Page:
Such buried resources may be found in the future only by luck. In Durango, archaeologists uncovered an extensive system of Native American ruins when surveying a realignment of the US Highway 550. The site contains artifacts from the year 800 and is likely to reveal a host of revelations about the people who occupied the land. Nonetheless, exploration of the site will not be long-lived. Following several months of surveying, excavation, and returning artifacts and human remains to tribes, the realigned Highway 550 will cover the site and likely destroy some of the well-preserved artifacts.  Stories like this are not unusual. Archaeological sites are constantly subject to development pressures, which only increase with a growing population.


The Magic Mountain Site in Golden provides an example of how vision and collaboration resulted in the successful coexistence of an archaeological site with development. The Magic Mountain archaeological site, dating from the Archaic through the Early Ceramic periods, is one of Colorado’s richest, with over 80,000 artifacts including 20,000 bone fragments and 83 ceramic sherds. Those discoveries were nearly thwarted by creeping developments in Denver and Golden (see Magic Mountain, below).

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OIL AND GAS DEVELOPMENT

Archaeological Sites and Oil in Weld County, CO
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For decades, resource extraction has been an important pillar of Colorado’s economy. Mining and mineral extraction, including oil and natural gas, accounts for about 3.2 percent of the state’s gross domestic product, contributing over $17 billion to the state economy. Crude oil production quadrupled starting in 2010, producing about 116 million barrels in 2016. Similarly, Colorado has become the fifth-largest natural gas-producing state, with 11 of the nation’s 100 biggest natural gas fields.   The mining and mineral extraction industry is expected to continue to play a central role in the Colorado economy in the future.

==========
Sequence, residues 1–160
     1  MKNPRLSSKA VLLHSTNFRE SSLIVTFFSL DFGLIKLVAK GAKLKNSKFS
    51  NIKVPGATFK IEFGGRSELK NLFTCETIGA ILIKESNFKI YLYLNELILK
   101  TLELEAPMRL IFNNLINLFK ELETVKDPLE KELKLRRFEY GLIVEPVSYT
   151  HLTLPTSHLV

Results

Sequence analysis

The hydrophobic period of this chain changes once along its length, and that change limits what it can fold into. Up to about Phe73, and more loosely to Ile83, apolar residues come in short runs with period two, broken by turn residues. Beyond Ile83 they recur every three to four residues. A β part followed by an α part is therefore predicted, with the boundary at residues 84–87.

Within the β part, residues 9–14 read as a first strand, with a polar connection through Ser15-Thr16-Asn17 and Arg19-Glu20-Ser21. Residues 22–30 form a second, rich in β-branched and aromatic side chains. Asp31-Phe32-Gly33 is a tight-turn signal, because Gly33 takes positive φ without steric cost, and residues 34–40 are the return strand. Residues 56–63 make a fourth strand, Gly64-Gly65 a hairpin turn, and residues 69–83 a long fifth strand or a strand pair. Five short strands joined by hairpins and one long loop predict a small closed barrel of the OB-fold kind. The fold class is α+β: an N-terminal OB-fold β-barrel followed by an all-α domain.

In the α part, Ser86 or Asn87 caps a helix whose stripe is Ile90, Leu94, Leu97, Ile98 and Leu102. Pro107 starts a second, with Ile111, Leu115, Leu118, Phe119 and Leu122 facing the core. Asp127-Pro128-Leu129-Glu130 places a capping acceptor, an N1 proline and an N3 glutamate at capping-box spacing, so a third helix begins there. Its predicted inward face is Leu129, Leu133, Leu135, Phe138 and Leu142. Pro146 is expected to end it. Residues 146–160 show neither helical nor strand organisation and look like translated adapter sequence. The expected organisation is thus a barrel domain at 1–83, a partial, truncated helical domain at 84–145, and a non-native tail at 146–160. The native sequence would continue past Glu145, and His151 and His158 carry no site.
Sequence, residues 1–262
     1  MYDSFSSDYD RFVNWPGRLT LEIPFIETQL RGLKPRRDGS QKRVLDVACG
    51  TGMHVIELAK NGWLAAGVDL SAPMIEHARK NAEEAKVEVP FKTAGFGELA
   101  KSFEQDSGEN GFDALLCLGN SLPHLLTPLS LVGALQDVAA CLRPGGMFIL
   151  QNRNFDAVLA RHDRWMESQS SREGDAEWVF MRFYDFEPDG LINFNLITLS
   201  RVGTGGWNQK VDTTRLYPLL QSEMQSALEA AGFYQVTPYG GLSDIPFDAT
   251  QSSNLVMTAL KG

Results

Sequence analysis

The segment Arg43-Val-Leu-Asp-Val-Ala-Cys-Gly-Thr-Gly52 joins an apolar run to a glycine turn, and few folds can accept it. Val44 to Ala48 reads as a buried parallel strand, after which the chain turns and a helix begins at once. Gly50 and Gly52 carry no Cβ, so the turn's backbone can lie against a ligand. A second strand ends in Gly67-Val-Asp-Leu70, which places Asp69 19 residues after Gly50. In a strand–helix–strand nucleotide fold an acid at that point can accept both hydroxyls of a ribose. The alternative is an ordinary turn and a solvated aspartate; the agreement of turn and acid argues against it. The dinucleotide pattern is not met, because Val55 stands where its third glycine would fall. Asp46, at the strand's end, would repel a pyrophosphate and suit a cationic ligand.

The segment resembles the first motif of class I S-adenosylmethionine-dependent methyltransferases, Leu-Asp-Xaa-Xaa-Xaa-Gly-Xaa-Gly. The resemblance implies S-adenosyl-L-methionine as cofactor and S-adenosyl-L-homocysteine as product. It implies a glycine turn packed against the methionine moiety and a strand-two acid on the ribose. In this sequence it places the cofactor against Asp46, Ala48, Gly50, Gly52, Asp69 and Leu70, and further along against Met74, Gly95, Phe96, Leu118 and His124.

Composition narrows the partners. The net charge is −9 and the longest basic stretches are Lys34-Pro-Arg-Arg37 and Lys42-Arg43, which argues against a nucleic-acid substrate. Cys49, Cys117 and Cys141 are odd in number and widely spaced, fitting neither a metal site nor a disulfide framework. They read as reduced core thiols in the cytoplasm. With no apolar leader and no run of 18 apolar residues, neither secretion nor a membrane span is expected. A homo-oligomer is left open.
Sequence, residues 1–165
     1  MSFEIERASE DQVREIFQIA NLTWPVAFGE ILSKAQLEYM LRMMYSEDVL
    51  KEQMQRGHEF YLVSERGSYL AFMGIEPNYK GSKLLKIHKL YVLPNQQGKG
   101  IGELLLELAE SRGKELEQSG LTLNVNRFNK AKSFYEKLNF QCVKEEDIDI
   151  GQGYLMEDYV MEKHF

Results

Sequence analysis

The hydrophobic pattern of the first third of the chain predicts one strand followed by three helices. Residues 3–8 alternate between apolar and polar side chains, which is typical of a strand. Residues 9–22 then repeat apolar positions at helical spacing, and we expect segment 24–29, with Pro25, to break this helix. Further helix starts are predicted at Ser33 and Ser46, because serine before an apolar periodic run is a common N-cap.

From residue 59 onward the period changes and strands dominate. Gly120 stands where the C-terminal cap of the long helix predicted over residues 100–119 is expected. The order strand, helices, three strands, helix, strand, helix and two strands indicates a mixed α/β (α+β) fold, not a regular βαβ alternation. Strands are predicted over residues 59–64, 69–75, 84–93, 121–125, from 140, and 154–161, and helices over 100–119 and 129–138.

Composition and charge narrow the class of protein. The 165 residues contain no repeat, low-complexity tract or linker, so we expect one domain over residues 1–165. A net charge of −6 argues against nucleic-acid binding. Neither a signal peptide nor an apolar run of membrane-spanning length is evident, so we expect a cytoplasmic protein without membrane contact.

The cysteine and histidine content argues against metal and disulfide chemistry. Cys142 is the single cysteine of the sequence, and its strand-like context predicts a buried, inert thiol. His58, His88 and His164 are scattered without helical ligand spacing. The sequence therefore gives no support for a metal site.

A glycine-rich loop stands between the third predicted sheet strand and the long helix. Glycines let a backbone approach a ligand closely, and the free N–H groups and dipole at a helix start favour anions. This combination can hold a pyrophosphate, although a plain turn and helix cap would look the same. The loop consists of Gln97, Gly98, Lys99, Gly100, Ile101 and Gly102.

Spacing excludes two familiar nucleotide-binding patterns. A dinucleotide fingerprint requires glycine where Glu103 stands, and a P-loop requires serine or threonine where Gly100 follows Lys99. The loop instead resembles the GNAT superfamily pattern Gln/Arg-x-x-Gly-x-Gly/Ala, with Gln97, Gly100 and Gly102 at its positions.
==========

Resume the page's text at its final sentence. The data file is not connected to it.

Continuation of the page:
The prolific and dispersed nature of oil and gas production means that archaeological sites potentially anywhere in the state could be disturbed by oil and gas activities. But the impacts are most concentrated in the northeast; nearly 96 percent of oil production and 86 percent of natural gas production in the state occurs in five counties, according to the Colorado Oil and Gas Conservation Commission (COGCC). Over 80 percent of Colorado’s crude oil is produced in the Denver-Julesburg Basin in the northeastern part of the state.


Weld County sits directly on top of the Denver-Julesburg Basin and is home to the largest concentration of oil and gas development in the state. The county is also home to thousands of archaeological sites including the Jurgens Site, the Wilbur Thomas Shelter, the Keota Stone Circles Archaeological District, and the Dent Site. Some, like the Dent Site, which provided evidence that Paleo-Indians and mammoth co-existed, and the Keota Stone Circles, which provided evidence of human landscape use as early as 3,000 years ago, have proved to be rich archaeological sites. These sites demonstrate that much is left to be detected, while those still buried sites may be at risk from oil and gas development.